Once your backup strategy has been established and implemented, the backup system can run for a long time without any DBA intervention required. Such automation is a mixed blessing, though. Over time, things can be forgotten and the DBA staff can change, both of which can cause confusion during a hectic database recovery. For this reason it is imperative that the backup and recovery strategy, implementation, and procedures be thoroughly tested and documented by the DBA.

The most important aspect of any backup plan is to match it against your recovery requirements and options. More on that in the next section.

Database Recovery

When problems impact the database, the DBA can use the image copy backups and the database log to recover the database. Whatever the cause of the problem, the DBA must be able to recover data quickly so that the business can continue to operate. When data is unavailable, your company may be losing thousands or even millions of dollars. Recognizing the need for a database recovery is quite different from actually performing a recovery in a speedy and proper fashion. Database recovery can be a very complex task that is prone to errors and difficult to manage.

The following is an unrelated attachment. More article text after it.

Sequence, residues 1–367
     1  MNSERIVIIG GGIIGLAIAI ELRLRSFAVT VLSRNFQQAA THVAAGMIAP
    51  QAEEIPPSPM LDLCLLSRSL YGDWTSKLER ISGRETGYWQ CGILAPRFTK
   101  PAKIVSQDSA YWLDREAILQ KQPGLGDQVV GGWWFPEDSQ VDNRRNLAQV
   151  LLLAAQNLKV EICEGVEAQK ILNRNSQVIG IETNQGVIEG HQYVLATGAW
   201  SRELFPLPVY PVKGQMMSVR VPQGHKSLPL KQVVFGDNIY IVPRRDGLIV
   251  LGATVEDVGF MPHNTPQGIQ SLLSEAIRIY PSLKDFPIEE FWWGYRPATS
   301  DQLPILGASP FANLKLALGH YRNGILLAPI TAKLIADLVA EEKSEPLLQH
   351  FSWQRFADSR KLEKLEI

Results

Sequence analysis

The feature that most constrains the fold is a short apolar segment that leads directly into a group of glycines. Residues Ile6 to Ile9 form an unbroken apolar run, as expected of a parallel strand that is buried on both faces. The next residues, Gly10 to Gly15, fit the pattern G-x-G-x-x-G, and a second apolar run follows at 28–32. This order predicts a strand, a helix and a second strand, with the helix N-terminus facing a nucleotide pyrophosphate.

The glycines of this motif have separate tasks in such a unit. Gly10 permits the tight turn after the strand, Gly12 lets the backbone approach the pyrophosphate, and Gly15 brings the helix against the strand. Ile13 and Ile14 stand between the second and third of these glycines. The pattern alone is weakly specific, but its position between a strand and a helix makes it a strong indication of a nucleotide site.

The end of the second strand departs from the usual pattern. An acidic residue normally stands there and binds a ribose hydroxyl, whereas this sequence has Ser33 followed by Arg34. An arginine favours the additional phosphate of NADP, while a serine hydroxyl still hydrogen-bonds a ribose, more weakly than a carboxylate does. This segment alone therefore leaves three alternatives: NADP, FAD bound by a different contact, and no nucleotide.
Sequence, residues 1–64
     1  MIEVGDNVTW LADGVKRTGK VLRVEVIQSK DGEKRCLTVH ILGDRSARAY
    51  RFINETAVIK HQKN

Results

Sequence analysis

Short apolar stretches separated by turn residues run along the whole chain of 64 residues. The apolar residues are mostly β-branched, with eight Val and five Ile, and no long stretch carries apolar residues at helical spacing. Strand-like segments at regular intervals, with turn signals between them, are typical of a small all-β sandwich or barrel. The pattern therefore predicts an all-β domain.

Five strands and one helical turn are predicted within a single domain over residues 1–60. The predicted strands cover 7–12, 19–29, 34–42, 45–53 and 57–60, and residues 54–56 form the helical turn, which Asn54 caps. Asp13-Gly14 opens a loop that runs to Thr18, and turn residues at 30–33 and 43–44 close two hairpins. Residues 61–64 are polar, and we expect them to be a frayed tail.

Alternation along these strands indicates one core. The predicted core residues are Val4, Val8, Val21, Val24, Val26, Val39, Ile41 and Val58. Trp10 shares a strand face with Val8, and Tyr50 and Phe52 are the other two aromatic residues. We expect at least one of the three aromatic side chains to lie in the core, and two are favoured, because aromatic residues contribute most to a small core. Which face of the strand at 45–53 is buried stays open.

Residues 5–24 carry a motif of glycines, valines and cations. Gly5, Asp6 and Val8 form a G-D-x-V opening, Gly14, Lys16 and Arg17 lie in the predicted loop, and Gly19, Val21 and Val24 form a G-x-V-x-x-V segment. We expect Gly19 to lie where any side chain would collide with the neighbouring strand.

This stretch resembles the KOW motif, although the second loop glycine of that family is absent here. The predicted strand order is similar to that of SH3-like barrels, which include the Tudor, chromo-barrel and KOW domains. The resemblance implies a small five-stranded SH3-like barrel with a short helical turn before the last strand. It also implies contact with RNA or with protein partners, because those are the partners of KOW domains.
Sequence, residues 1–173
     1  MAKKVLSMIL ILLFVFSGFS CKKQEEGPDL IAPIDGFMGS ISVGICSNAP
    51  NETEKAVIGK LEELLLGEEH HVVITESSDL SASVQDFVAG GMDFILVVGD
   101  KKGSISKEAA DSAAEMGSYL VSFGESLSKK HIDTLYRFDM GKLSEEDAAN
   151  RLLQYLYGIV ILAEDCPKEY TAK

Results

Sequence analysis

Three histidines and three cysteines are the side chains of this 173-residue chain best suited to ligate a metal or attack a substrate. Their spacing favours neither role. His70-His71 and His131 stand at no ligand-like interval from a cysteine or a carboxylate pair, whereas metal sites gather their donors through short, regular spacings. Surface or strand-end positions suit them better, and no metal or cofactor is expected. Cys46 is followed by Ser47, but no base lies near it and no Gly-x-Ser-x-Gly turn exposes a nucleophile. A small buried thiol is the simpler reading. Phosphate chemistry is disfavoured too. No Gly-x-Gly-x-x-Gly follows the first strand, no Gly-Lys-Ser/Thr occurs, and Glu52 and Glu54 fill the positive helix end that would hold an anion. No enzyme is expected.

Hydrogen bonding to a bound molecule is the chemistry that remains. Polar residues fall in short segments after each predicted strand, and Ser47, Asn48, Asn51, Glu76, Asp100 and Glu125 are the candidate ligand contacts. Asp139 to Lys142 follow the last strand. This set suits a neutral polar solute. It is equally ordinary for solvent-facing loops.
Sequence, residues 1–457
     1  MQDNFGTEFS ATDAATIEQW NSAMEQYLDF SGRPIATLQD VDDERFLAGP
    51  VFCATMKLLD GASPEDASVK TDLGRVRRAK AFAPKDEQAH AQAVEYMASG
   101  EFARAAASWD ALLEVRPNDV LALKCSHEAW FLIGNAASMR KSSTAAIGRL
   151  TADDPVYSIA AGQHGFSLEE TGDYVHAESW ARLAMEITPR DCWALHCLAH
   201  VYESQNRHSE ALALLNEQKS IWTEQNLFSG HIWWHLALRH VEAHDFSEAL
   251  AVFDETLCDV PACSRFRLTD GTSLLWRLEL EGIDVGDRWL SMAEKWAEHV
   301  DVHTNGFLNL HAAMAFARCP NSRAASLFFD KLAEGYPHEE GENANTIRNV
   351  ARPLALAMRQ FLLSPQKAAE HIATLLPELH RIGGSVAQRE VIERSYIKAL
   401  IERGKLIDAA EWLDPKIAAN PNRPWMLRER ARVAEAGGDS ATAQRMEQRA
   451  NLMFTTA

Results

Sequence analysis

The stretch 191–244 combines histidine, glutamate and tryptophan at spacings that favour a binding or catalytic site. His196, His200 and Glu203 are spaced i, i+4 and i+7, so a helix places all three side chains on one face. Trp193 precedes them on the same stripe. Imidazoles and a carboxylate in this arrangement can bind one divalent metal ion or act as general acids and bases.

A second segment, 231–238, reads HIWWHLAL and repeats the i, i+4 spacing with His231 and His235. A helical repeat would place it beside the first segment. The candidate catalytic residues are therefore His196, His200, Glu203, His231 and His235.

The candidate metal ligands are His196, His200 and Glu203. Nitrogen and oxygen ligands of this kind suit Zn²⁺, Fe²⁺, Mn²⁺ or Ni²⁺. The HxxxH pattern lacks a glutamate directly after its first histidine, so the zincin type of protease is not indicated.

Recovery involves much more than simply restoring an image of the data as it appeared at some earlier point in time. A database recovery will involve bringing the data back to its state at (or before) the time of the problem. Often a recovery involves restoring databases and then reapplying the correct changes that occurred to that database, in the correct sequence.